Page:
The game of rock-paper-scissors (RPS) has been used to solve many small disagreements, with winners and losers decided by the ‘random’ offering of hand symbols for one of the three choices listed in name of the game. Interestingly, however, what people offer up here isn’t actually random at all — or not as random as you likely believe — allowing Paul Klinger to design and implement his own tiny RPS game that wins 38% of the time. While that might not seem particularly impressive compared to the 33% win rate you’d expect when playing at random, consider how well you could in Vegas if your odds were similarly elevated!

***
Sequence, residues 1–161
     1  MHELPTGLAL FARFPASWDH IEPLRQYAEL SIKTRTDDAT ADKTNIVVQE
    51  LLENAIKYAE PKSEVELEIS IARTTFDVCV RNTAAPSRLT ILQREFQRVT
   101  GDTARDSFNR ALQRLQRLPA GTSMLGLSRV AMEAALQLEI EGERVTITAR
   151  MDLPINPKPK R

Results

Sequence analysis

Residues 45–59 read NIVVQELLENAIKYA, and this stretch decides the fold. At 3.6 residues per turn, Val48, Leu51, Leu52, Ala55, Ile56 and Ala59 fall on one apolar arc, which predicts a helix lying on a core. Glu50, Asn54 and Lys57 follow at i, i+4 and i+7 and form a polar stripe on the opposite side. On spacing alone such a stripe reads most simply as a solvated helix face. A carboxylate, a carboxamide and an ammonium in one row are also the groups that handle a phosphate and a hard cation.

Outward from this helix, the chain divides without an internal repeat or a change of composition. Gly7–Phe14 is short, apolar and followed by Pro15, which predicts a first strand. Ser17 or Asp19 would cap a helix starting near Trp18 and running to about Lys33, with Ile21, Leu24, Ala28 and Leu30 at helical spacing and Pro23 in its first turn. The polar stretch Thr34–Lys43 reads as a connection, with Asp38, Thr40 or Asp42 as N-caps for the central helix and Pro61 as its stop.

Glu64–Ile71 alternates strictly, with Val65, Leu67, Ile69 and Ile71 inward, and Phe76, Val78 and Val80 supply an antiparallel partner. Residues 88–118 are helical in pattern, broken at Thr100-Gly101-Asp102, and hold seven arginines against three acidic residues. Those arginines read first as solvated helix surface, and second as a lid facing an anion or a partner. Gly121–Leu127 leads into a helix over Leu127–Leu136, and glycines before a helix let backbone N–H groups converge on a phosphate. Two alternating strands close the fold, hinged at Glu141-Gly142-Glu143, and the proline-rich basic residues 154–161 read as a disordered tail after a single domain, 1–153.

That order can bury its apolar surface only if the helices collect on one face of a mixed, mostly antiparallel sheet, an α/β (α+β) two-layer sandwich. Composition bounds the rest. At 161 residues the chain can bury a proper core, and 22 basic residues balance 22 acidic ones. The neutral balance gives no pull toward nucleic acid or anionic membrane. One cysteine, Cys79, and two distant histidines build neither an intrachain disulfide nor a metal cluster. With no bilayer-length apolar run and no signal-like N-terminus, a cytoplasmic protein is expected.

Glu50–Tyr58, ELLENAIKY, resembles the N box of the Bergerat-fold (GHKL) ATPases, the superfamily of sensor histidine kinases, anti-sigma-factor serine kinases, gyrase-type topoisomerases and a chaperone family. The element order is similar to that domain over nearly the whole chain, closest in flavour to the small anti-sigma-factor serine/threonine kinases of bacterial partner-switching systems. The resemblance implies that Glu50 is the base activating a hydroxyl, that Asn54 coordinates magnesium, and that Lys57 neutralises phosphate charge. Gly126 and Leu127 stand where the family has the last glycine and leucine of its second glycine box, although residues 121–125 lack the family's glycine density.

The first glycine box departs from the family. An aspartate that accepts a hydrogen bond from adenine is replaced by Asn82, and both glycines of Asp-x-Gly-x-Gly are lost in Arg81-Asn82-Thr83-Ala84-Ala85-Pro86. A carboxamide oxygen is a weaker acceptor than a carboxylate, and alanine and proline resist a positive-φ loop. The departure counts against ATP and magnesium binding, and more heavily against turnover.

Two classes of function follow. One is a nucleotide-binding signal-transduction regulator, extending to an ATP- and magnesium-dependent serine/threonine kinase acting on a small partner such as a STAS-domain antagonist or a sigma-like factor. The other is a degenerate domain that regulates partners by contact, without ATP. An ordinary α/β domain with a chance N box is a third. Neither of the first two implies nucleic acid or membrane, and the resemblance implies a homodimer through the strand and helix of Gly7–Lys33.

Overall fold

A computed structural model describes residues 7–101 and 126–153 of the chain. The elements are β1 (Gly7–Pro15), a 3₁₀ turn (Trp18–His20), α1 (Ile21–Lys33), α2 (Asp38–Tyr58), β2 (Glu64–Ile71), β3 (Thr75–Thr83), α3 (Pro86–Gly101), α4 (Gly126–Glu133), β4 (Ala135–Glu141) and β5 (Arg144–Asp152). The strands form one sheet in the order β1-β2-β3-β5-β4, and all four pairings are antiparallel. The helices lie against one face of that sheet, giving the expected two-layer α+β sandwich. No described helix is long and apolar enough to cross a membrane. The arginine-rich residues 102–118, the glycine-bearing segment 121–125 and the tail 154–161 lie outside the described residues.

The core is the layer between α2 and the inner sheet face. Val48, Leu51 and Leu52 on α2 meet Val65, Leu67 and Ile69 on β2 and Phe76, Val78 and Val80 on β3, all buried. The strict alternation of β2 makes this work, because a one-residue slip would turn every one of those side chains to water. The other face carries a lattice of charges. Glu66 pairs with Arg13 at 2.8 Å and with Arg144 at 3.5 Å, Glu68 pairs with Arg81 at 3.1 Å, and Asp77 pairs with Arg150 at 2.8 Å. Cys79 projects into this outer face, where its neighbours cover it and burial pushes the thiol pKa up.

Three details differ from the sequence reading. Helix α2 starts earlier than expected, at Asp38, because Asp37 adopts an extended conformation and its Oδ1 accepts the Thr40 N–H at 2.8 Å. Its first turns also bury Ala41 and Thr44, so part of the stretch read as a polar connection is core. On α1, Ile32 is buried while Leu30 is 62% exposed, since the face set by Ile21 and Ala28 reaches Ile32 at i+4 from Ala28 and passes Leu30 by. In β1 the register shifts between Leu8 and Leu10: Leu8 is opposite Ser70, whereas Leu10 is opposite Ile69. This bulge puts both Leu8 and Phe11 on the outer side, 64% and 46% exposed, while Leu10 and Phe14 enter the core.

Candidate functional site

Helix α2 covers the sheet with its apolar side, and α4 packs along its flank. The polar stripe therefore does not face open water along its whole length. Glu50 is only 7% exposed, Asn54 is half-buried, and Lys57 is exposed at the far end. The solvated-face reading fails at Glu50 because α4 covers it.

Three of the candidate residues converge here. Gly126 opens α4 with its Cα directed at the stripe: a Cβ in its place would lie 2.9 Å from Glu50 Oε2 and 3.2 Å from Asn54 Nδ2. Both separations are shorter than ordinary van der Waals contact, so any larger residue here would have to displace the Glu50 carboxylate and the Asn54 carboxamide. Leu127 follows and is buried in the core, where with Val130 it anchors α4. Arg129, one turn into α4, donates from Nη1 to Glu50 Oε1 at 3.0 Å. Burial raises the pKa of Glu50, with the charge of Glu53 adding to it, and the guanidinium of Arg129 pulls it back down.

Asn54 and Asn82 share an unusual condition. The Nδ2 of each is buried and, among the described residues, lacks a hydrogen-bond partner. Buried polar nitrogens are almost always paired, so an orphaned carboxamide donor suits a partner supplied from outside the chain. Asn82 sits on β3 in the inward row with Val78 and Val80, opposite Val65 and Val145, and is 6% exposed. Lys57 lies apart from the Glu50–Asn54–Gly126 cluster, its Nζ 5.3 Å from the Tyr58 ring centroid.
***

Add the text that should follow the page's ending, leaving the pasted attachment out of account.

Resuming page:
To accomplish this AI feat, Klinger uses a three-layer recurrent neural network (RNN) trained by looking at over 80,000 games played on roshambo.me. This runs on a Microchip ATtiny1614 microcontroller, with a 3D-printed case, CR2032 battery, and other electronics. A button starts the round, and inputs are available for rock, paper, and scissors, depending on the human selection. Three LEDs correspond to the computer’s move, and as seen in the video below, it wins more than it loses!
While this doesn’t solve RPS in the same way that a computer can win or tie every game of tic tac toe, it’s an fascinating build that shows just how predictable humans are — even if we would claim that this isn’t the case!